The Ideological Islamist Quagmire of Afghanistan
"The Taliban tied their bodies to tanks and dragged them for about ten kilometers."
"His son is now saying 'I will take revenge'. That is not something that he can do on his own."
"He may kill one or two Taliban, and they may kill one or two on the government side But I see him meeting the same fate as his father."
Abdul Baqi Hashemi, member, Faryab provincial council, Kabul
"I wish I was killed and not my father -- the Taliban really feared him."
"I will take revenge for his death. I will not stop until I have brought their heads to the bazaar in Qaisar."
Said Muhammad, Afghanistan
"There will be an investigation to see whether his son [son of Abdul Basir] had any involvement on his killing."
Nizamuddin Qaisari, district police chief
Civil war often tears families apart, with sons, brothers, fathers fighting for the opposite ideology of the other. In Afghanistan this is no different. A long-time military commander -- loyal to the government of Afghanistan through his allegiance to a warlord, General Abdul Rashid Dostum, currently Afghanistan's vice-president -- vowed to kill his son who had given his allegiance to the Taliban. Similarly, the son pledged that he was committed to killing his father, an enemy of the Taliban.
Each attempted on occasion to make good their threats, but neither succeeded. In the end, extended tribal members brought father and son, Abdul Basir the government loyalist militia commander, and his son Said Muhammad, who had sworn allegiance to the Taliban, together. They decided they would put aside their differences, and Muhammad, the son, left the Taliban ostensibly to fight on the government side, alongside his father. That took place in mid-August.
Several weeks later, on September 7, father and son with ten other fighters fell into an insurgent trap close to where they lived in the Qaisar District in northern Afghanistan. The Taliban managed to kill Abdul Basir, along with five of his men, in a numerically unequal fight which went on for hours; the loyalist militia was quite simply outnumbered by the Taliban, determined to kill the ferocious military chief who had fought them for so long. His son, however, escaped the ambush.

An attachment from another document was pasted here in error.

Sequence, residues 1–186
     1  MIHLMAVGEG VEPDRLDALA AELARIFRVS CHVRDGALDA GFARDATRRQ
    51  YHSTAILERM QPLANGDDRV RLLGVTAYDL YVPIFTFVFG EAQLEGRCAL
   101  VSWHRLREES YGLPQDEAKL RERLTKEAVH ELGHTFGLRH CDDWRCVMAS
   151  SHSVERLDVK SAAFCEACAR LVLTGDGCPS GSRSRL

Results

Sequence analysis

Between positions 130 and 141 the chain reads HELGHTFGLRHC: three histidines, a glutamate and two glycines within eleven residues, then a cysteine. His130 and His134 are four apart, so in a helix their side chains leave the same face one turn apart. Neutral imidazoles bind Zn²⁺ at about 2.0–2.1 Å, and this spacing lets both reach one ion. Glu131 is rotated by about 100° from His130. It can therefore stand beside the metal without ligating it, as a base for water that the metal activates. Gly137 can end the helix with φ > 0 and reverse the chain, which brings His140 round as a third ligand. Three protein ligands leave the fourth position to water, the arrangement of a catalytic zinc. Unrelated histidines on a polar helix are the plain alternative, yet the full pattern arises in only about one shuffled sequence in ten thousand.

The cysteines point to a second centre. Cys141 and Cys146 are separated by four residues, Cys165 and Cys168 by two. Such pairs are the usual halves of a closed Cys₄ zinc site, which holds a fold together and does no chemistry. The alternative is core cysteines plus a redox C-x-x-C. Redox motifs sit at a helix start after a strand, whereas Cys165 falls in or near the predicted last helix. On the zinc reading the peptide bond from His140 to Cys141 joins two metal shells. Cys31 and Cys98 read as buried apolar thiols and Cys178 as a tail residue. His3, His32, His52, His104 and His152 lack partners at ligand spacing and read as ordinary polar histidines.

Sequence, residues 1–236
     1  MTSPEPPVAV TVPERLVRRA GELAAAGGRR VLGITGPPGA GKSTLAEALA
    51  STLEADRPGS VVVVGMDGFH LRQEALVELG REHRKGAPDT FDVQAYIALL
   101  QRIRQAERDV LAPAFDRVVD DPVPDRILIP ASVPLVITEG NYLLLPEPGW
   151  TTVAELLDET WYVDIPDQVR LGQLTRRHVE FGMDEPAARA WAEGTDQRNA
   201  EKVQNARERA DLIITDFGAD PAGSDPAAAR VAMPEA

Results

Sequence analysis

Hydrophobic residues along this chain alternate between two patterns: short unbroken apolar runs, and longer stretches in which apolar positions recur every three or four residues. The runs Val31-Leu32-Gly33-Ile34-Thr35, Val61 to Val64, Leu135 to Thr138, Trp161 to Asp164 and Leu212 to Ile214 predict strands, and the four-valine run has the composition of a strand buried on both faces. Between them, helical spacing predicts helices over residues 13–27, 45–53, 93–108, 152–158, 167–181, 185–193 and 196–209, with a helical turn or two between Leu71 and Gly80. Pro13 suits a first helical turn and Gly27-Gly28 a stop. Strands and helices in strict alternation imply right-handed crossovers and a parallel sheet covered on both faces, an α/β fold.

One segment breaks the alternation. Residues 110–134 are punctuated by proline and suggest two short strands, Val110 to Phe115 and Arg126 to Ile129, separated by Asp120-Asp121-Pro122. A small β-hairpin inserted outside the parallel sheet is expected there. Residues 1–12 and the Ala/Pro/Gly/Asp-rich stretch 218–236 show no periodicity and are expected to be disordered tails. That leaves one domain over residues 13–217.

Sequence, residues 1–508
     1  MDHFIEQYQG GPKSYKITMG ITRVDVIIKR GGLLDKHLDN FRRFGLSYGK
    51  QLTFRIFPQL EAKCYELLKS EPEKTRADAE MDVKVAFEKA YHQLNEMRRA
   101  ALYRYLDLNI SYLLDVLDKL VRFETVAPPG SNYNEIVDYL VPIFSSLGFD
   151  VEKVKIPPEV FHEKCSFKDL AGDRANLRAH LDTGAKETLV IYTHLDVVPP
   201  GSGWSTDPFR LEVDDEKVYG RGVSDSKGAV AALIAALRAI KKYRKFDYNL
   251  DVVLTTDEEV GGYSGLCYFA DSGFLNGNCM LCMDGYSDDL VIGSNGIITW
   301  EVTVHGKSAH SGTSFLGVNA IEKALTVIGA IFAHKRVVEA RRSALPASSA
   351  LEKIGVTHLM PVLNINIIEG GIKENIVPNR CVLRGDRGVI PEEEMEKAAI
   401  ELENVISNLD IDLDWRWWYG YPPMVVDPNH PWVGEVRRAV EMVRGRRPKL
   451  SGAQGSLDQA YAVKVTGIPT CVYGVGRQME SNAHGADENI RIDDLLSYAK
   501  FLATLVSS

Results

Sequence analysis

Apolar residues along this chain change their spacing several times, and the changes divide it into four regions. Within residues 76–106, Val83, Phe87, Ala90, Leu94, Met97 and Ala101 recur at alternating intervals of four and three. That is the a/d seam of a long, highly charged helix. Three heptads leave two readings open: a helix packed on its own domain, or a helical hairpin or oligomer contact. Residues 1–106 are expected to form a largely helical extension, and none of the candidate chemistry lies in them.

The bodies of the six men were brought back to their home base. The dead commander had taken seven bullet wounds, one or more of which took his life. The following day several thousand men from the district attended the ceremonies for the final prayer before burying the commander. But because of threats from the Taliban warning that anyone who took part in the funeral would not be permitted to return back to the village of Zyaratgah, the original home of Abdul Basir and his family from which he had been ousted by the Taliban, they left before the burial and the prayer.
Said Muhammad described the battle he and his father were engaged in, a dozen men against, he said, fully 500 Taliban fighters. He spoke of grenades being thrown and a furious fight that took place, with hours of siege. He managed heroically to escape, crawling through the lines and throwing back grenades. And now, he meant to avenge his father's death. He has been contradicted by the area police chief who reduced the number of Taliban from 500 to 200 in the telling, still outnumbering the smaller number of loyalists led by Abdul Basir.
Suspicion lingers in the air, where the son's loyalties really remain, a suspicion that the district police chief seems determined to clarify.